Before the first council houses were built in the 1930's, the southern border of Craster was Church Street. The photograph shows the back of the houses on the south side of Church Street, with St Peter the Fisherman at the top. On the seaward end of the street, where the Shoreline Cafe is now, you can see the lean-to attached to the gable end, with half of an upturned herring boat acting as a shed at the back and two sea-going cobles pulled up by the house.
The following photograph appears to he been taken at the same time and shows Little Adam's House at the bottom and right of Church Street.
The coble Angler was registed in 1888 and the owners then were Ralph and William Archbold.
Source: Sybil Dawson
Written in 1957, Eva Archbold's history of the village notes:
"Church Street was built in the 1850’s. The first two (No1 & 2) were built by No1 Mr James Archbold commonly called Solomon and his wife Jane (my father’s father’s sister). No2 was built by Joseph Archbold and his wife known as Bessie Tait. The latter decided to have a shop so they exchanged houses. Everything was sold in this shop and if anyone asked for something not in stock were always told by “Bess Tait” that “I’m expecting some coming in”. At one time that was also the post office.
Being a movable object I can remember the post office being in the “cortyn”; that was in 1913, Miss Fanny Archbold or Fanny Rutter commonly called was in it at her mother’s house – Mrs Margaret Archbold commonly called Meggie Rutter. There it remained until end of war when Fanny married a soldier from the midlands who had been stationed in Craster - Thomas Wilson. After that it was at north Craster at Robert Grey’s house. His two daughters Annie and Ethel had it for about 25 years. At one time in the early 1900’s there used to be a post man’s cabin on the Heugh near the church wall south side. The post man was called Fred Wood. When he left Jack Sinclair of Dunstan became post man a position he held for -- years.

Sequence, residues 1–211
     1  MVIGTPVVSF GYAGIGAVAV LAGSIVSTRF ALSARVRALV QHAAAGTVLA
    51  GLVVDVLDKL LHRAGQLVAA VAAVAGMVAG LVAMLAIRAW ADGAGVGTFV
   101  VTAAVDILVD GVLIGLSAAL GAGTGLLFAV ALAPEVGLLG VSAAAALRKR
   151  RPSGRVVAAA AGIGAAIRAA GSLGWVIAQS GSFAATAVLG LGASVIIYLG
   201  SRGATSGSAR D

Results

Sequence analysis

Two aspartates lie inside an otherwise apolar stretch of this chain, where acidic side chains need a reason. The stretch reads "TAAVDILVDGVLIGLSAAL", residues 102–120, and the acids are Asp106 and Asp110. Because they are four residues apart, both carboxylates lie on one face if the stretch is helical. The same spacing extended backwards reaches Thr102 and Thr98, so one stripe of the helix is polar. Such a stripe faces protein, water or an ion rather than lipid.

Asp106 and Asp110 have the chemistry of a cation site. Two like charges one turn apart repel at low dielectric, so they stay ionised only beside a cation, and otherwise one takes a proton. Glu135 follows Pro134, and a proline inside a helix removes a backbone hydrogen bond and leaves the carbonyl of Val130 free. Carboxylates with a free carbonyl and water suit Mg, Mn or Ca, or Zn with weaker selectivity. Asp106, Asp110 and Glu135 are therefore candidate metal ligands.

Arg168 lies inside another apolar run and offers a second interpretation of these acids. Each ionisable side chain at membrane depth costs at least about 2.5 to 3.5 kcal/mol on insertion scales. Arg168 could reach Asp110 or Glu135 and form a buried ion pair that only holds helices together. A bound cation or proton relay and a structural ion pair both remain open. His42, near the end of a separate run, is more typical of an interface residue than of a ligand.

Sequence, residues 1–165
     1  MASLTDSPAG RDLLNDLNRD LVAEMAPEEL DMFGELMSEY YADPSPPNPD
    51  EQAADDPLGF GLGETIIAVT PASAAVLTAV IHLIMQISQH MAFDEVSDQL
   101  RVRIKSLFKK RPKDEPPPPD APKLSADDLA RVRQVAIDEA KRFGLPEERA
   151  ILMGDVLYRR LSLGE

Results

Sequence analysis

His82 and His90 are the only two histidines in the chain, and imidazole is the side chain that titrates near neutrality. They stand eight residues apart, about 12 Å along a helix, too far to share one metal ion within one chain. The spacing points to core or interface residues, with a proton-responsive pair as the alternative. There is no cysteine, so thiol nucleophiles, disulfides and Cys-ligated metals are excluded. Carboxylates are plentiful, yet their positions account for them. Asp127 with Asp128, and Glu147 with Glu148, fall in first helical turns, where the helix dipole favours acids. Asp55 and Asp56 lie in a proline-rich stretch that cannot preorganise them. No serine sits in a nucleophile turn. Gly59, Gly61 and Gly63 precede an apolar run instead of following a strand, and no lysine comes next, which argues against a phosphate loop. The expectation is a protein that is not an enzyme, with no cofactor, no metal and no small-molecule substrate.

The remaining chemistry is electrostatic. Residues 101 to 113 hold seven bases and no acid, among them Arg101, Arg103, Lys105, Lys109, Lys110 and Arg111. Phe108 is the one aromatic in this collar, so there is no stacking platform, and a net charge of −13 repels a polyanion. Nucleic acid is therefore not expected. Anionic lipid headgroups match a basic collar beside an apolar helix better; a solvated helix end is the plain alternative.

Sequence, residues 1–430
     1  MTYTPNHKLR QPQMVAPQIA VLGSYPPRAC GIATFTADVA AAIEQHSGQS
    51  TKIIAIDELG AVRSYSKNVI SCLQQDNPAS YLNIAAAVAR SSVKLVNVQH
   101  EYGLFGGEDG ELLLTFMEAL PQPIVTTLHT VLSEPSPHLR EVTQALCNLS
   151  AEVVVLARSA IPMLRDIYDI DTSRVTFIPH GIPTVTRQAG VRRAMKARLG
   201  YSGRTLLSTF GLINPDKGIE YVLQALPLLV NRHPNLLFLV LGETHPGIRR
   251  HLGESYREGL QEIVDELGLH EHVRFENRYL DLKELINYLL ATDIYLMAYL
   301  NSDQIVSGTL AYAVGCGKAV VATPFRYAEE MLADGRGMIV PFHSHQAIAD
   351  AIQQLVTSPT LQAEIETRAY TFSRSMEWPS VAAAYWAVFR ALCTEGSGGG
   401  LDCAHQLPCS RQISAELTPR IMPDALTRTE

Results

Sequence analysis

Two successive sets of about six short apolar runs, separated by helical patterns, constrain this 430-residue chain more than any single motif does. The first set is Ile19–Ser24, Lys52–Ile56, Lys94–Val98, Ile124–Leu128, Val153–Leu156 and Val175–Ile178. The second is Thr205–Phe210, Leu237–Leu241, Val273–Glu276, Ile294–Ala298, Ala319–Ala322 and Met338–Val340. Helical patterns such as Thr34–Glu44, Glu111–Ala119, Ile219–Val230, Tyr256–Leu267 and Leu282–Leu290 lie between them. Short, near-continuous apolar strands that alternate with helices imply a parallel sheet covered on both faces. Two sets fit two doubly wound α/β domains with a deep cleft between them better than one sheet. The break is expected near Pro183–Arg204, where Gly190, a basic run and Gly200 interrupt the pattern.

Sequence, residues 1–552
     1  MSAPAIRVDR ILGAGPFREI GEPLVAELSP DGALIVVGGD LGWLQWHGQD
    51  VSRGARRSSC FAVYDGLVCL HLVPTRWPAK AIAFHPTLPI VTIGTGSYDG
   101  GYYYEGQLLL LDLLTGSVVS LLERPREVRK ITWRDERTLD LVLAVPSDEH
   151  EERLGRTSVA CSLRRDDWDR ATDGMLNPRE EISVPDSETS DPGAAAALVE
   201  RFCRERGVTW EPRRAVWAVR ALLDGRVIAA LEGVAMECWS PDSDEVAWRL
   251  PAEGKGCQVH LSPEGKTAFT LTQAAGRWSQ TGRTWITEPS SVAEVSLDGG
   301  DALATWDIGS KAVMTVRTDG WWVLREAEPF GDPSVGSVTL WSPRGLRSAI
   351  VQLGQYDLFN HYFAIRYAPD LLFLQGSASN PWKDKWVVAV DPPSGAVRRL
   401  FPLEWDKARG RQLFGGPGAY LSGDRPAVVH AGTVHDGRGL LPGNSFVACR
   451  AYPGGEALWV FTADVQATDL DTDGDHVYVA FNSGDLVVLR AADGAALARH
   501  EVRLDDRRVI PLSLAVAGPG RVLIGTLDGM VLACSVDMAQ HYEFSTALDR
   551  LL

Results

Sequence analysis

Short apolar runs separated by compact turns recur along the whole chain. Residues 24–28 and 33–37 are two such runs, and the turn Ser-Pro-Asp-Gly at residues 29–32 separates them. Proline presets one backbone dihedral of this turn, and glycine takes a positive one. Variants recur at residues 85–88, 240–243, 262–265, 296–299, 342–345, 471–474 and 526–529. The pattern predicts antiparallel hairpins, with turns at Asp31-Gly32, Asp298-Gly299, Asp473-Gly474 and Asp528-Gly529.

No’s three and four Church Street were built in 1857-1858 by No3 William Archbold commonly called Bill Sailor and No4 by my grand-father Robert Taylor. All my mother’s family were born in it. The housing situation was acute then as now and the ‘parlours end’ was let off to a newly married couple (my grand-mother’s brother Edward Dawson and his wife Jane). This happened in many cases. When my own parents were married in December 1900 they ‘set up’ in that same room and the next October I was born.
The houses on the opposite side of the street were built a few years later in the 1860’s. No five by William Dawson (my grand-mother’s brother) March 22nd 1867; No6 by John Dawson 1866 whose wife Ellen was my grandfather’s sister. No7 by George Simpson 1865 and No8 by Adam Archbold in 1864. This Adam was my father’s father’s cousin and brother to James (Solomon) who built No1.
No1 Church Street has seen several owners. When Joseph Archbold and his wife died his son Charlie had shop for many years. Next came Henry Grey whose father Robert Grey had the pub. He left it in -- when Thomas S. Grey and his wife my father’s sister (commonly called Maggie Gibb after her mother’s mother) took it for his son Edward – my cousin. It is now (since 1945) shop + post office and is a very good business.
When the squire sold the houses which were not condemned in 1940 T. S. Grey bought it. At the same time my uncle, George Taylor, bought No4 Church Street. No2 was bought by William Anderson, No3 by Dan. Park of Boulmer for his son James married to Winnie Carse. No5 by W. Proudlock of the pub whose daughter married Thomas Abbott whose family had lived in for many years. No6 by John William Dawson whose parents had built it and like No4 had paid rent when the lease was up. No8 bought by Mr. George Smailes (not a Craster Smailes) he had been a policeman Ryhope way."